The Fragmentation of Humanitarian Aid: Market failure leads to planning and broken networks.

Is Fragmentation a solution or a problem?
One of the main reasons the donor community pushes for reform in the humanitarian aid sector is the fragmentation of the services. As an antidote for fragmentation, coordination is proposed. The conventional narrative says that small interventions and fragmented approaches are inefficient. If this is the case, a market approach to the allocation of funds, where efficiency is rewarded, would create incentives to consolidate, as it would be more efficient to have less actors. Currently the system seems to fragment even further, even while high level declarations are signed to vowing to stop the fragmented service delivery.Making the system work as a market, with incentives to make it more responsive to efficiency gains would improving the results of the system as a whole. Self regulating systems of incentives normally work better for complex systems than crude top down regulation by decree.

In this blog I will try to determine whether the current humanitarian system can be defined as a market geared towards better results, and identify possible incentives to make it respond better.

Competitive markets and market concentration

A normal market has a few market leaders and a long tail. The redundancy of the market (more providers providing the same service) is not seen as a problem, but as an assurance for getting best value for money. The long tail is for practical purposes irrelevant, but it guarantees that special niches can be covered, and the big actors are kept on their toes, because the small firms could always challenge them if they manage to innovate or produce better.

An example of such a market is the one for PCs: The top 4 manufacturers produce 60 % of the PCs, the 6th a meagre 5.3 %, and all the thousands of others combined master 1/3rd of the market.

Computers are of a decent quality, and there is innovation leading to better, and cheaper computers.

Table 1
Preliminary Worldwide PC Vendor Unit Shipment Estimates for 3Q10 (Units)

Company 3Q10 Shipments 3Q10 Market Share (%) 3Q09 Shipments 3Q09 Market Share (%) 3Q09-3Q10 Growth (%)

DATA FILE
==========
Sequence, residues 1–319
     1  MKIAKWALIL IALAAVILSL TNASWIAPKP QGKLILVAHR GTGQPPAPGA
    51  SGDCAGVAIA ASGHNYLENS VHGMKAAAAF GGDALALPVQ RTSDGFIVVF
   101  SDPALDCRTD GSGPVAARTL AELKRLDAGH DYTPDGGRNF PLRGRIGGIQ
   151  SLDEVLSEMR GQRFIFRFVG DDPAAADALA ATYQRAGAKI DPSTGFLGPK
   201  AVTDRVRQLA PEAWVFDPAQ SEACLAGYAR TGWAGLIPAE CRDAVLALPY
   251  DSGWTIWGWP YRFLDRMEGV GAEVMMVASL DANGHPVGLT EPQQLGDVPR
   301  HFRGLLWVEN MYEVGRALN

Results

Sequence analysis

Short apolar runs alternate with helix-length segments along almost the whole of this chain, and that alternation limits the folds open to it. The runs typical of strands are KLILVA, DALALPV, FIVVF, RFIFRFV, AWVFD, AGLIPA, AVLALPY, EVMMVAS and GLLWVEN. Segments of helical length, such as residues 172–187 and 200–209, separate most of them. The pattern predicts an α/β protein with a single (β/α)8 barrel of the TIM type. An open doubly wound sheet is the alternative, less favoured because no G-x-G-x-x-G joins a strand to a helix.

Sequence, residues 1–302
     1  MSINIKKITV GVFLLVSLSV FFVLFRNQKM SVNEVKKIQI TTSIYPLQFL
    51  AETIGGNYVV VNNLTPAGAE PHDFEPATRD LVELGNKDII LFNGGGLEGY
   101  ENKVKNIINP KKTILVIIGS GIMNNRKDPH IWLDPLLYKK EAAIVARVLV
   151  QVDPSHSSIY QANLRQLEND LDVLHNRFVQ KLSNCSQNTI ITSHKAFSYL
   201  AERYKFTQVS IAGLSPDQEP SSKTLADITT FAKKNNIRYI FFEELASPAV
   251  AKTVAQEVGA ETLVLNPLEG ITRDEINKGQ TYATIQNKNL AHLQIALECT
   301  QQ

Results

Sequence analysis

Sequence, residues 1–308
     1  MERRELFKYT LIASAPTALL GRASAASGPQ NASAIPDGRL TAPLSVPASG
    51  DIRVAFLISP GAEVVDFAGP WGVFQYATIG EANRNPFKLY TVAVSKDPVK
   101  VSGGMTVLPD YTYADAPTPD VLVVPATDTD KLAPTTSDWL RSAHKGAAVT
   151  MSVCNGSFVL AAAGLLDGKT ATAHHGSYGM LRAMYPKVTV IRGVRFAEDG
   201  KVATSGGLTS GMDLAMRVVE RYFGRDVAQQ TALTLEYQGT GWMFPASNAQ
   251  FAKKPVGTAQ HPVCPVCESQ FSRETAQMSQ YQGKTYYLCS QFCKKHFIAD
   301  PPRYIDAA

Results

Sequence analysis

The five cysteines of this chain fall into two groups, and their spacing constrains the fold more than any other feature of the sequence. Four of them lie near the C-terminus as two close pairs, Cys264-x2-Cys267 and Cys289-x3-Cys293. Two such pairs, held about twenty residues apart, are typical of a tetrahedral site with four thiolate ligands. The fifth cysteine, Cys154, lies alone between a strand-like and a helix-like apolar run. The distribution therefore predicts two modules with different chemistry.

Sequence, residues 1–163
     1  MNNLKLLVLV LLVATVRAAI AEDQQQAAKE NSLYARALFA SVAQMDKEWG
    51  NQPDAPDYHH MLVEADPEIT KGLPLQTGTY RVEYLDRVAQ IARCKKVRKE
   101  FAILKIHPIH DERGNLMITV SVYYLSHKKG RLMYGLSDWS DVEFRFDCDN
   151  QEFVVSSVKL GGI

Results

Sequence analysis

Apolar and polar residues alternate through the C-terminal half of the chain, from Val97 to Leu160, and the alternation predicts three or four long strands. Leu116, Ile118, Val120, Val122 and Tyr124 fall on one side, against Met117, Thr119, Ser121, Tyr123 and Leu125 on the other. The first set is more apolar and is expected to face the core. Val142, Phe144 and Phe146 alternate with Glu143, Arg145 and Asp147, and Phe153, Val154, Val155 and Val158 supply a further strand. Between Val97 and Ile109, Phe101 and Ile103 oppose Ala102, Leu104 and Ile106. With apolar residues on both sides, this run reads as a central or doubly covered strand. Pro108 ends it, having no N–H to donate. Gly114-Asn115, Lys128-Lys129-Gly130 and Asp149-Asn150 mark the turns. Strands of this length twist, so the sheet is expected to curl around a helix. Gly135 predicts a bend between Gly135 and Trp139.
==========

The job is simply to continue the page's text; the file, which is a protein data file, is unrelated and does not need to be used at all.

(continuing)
HP 15,431,749 17.5 15,513,420 18.9 -0.5
Acer 11,527,716 13.1 11,726,586 14.3 -1.7
Dell 10,816,474 12.2 9,908,099 12.1 9.2
Lenovo 9,140,778 10.4 6,871,379 8.4 33.0
Asus 4,793,186 5.4 3,911,263 4.8 22.5
Toshiba 4,695,600 5.3 4,014,945 4.9 17.0
Others 31,896,091 36.1 30,106,333 36.7 5.9
Total 88,301,595 100.0 82,052,026 100.0 7.6

Note: Data includes desk-based PCs and mobile PCs.
Source: Gartner (October 2010)

However, fragmentation in the development world seems not to deliver this kind of expected results. Why?

The humanitarian market: perceptions of fragmentation and of competition
Looking at Humanitarian Assistance funding , which is (imperfectly) documented through the FTS system managed by OCHA, we find for 2010 a total funding of USD 7 billion.

Appealing Organisation Funding 2010 (million USD) % of total funding
All others (636 organisations) 1.507 22 %
WHO 127 2 %
UNRWA 163 2 %
IOM 219 3 %
FAO 229 3 %
UNHCR 574 8 %
UNICEF 740 11 %
WFP 3.403 49 %
Total 6,963

100 %

Data: FTS, Summary of requirements and contributions – per Appealing Organisation in 2010, dd. 9/02/2011. Note: the data don’t show all the contributions to MSF nor ICRC, 2 important actors in the field. It is possible that some NGO-funding is not reported through FTS, however, at least donor government contributions are well reported, as donors want all their contributions to show for international forums.

On first sight, this distribution looks wrongly like a normal market, with some market leaders and a long tail. There would be some risks for monopoly abuse by WF. The top 7 organisations deliver 78 % of the assistance. The Herfindahl-Index (HHI) is 26.2, which hints to an extremely concentrated market. The PC-market has only a HHI of about 8.

  • A HHI index below 10 % indicates a highly competitive index.
  • A HHI index between 10 to 18 % (or 1,000 to 1,800) indicates moderate concentration.
  • A HHI index above 18 % indicates high concentration

On closer inspection however, the humanitarian system is not one market at all.